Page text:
yellow tomato flower

saintvncApril 22, 2012

Hello, I am interested in the tomato flower. Does it have any benefits? Has anyone made tea out of it? Can the tomato flower be used as a spice or extra ingredient. I'm very curious. Thank you!

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fatamorgana2121(Zone 5/6)

I've never, ever read or seen anyone mention using a tomato flower. Since all green parts of the tomato plant are poisonous, I don't think I would chance it.

FataMorgana

    Bookmark   April 23, 2012 at 10:35AM
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kk1515

perelandra flower essence company has rose and garden essence lines. here is what they say about tomato flower essence

'cleansing. assists the body in shattering and throwing off that which is causing infection or disease.'

for a google you can find out how to make flower essences, its fun. i was healthily skeptical about flower essences....till i started using them. subtle but profound therapy!

    Bookmark   April 28, 2012 at 5:43PM
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theherbalist2012

karen:

You're sending a message here. You answer on another post to say that you're not going to discuss herbology with me anymore.

Come on, Karen! Let's talk shop. I'm interested in your clinical experience.

theherbalist

    Bookmark   April 29, 2012 at 10:12AM
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kk1515

this IS my clinical experience charlie.

i agree with fatamorgana that the flower itself should probably not be consumed.

    Bookmark   April 29, 2012 at 11:42AM
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WyldViolet

Tomato flowers and leaves are pretty common in Central and South American cookery. My mother grew up eating them as a seasoning as did her family, friends, neighbours, community etc.

While they do contain some potentially toxic compounds (as does every plant, including lettuce and apples), you would have to eat a large quantity to suffer any seriously ill effects. If you did gorge on them, it would be similar to eating too many green potatoes or green tomatoes, but the taste should prevent you from taking in more than your body can comfortable handle.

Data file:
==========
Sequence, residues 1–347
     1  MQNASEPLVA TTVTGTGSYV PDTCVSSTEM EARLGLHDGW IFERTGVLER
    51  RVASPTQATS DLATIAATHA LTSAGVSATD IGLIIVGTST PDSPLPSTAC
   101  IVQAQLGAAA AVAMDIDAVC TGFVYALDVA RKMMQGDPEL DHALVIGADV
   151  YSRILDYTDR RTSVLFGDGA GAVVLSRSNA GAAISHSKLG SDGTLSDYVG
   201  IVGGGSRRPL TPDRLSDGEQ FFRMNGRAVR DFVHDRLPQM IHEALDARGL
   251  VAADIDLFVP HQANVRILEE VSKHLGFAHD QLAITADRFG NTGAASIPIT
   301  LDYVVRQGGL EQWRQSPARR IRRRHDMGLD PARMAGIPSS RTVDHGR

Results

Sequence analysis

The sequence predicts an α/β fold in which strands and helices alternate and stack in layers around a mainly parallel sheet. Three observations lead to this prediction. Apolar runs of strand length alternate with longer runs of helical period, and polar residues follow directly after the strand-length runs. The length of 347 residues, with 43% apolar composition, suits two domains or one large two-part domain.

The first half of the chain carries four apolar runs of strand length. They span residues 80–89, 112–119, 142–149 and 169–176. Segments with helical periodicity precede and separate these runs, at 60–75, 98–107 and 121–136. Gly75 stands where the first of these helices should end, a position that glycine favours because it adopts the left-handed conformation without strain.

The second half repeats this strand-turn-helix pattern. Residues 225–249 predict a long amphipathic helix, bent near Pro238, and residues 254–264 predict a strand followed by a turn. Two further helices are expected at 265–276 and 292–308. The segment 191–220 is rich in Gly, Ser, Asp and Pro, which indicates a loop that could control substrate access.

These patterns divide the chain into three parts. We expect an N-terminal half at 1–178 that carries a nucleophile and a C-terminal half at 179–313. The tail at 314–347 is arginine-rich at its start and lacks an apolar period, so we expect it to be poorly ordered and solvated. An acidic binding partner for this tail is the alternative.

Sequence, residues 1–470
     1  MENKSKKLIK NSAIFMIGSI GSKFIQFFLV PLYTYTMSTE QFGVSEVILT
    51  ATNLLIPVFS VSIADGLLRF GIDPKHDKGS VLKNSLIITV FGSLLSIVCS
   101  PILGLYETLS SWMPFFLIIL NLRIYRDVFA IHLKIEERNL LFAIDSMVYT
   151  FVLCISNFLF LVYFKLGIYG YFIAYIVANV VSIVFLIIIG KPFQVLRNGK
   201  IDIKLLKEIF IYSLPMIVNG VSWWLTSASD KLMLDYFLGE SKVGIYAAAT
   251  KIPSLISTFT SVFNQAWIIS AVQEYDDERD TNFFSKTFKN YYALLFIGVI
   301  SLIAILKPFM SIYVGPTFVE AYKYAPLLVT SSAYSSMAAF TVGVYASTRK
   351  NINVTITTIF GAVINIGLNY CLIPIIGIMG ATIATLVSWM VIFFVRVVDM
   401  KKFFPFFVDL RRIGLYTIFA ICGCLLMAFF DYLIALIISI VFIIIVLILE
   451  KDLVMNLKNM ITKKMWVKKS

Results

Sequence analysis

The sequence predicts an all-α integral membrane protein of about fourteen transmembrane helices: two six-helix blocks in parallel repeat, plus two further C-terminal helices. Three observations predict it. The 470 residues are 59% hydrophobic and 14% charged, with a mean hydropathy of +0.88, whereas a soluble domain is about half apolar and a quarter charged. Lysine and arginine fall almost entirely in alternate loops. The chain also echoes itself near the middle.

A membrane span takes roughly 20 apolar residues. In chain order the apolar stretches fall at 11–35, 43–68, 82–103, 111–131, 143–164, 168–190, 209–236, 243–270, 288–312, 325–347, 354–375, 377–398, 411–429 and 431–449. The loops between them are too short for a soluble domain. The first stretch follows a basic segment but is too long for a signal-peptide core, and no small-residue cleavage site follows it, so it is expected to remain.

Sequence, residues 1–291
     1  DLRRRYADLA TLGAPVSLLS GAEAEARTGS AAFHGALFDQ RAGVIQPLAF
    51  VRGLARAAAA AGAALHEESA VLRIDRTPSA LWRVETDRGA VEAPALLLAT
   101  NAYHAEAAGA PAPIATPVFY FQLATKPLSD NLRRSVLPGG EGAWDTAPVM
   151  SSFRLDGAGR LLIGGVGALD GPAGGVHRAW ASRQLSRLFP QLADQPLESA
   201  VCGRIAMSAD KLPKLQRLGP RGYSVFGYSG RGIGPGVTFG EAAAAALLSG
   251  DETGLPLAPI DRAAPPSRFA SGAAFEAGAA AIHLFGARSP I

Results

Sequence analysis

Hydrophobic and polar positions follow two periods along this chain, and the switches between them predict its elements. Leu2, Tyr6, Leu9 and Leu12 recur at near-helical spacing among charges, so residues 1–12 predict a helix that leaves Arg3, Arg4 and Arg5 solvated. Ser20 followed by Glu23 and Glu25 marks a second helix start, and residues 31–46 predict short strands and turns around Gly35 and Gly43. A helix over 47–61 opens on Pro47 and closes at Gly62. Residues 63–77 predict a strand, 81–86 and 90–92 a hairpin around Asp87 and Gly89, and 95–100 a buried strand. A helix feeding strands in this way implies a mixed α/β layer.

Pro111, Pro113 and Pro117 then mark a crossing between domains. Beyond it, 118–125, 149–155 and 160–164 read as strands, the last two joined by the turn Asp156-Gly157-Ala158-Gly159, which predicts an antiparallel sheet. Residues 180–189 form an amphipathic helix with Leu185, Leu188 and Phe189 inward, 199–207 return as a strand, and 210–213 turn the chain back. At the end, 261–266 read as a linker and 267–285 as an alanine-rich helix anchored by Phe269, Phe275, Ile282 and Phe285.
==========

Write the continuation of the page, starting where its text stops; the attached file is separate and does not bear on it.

I personally like the flowers in tomato/basil/sheep feta salads drizzled with olive oil. mmmm

    Bookmark   June 14, 2012 at 4:14AM
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theherbalist2012

Ahhhh, Wyld. Your common sense prevails among the hot-heads of pseudo-intellectual snobbery.

Talking about tastes . . . Back in the early 80's, the FDA came out with a warning that sassafras is cancer causing. Upon closer examination, the testing was comprised of taking the equivalency of 3 cups of sassafras tea every day for 30 days. And THEN, it set up an inflammatory condition that appeared to be pre-cancerous to the affected tissue.

I was raised on sassafras tea. Hell, when I was 5 or 6 years old, my older brother and I would pick it and sell it for spending money. In the winter, if I got a chill (in Pennsylvania) I'd drink 1 cup of sassafras tea, go to bed and awake without having gotten sick. It knocks the chills right out of you. But nobody, I repeat, NOBODY in their right mind would drink 3 cups a day for 30 days in a row!! Our taste buds would have kicked in and said "Are you out of your mind?!? Don't do it!"

Now, the threat has passed and it's back on the market. So much for modern scientific analysis. "Save the people!"

theherbalist
charlie

    Bookmark   June 14, 2012 at 3:14PM
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rusty_blackhaw(6a)

"Now, the (sassafras) threat has passed and it's back on the market. So much for modern scientific analysis."

Not so. The reality is that you can buy sassafras products, but they must have the safrole removed (safrole is the ingredient thought to be toxic/carcinogenic).

"According to Foster S. Tyler's Honest Herbal: A Sensible Guide to the Use of Herbs and Related Remedies, "It has been estimated that one cup of strong sassafras [root] tea could contain as much as 200 mg of safrole, more than four times the minimal amount believed hazardous to humans if consumed on a regular basis." More recent studies by the U.S. National Toxicology Program, however, found that it took a dose of 2,350 mg to reach a "toxic endpoint" (that is, where 50 percent of the animals died) in mice, which puts safrole in the "slightly toxic" category. Since there have been no human studies, nobody really knows what levels might be dangerous to people.
If the safrole hasn't been removed, it can be legally sold only as a topical skin wash or as "aromatic potpourri."
Root beers that list sassafras as an ingredient today, such as those made by Hansen's Natural Soda or Thomas Kemper, use a safrole-free extract."

Safrole, by the way is important in drug manufacture - as in the illegal drug Ecstasy. More info here:

http://www.ncbi.nlm.nih.gov/pubmedhealth/PMH0003255/

    Bookmark   June 14, 2012 at 7:08PM
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rusty_blackhaw(6a)

The quote about safrole-free sassafras products in the preceding post is from this article.

    Bookmark   June 14, 2012 at 7:43PM
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kaliaman

Good to know, thank you WyldViolet.

I am brand new to this forum and so far enjoying reading the wise words of fellow herb enthusiasts here. Hello everyone!

    Bookmark   June 15, 2012 at 3:50PM
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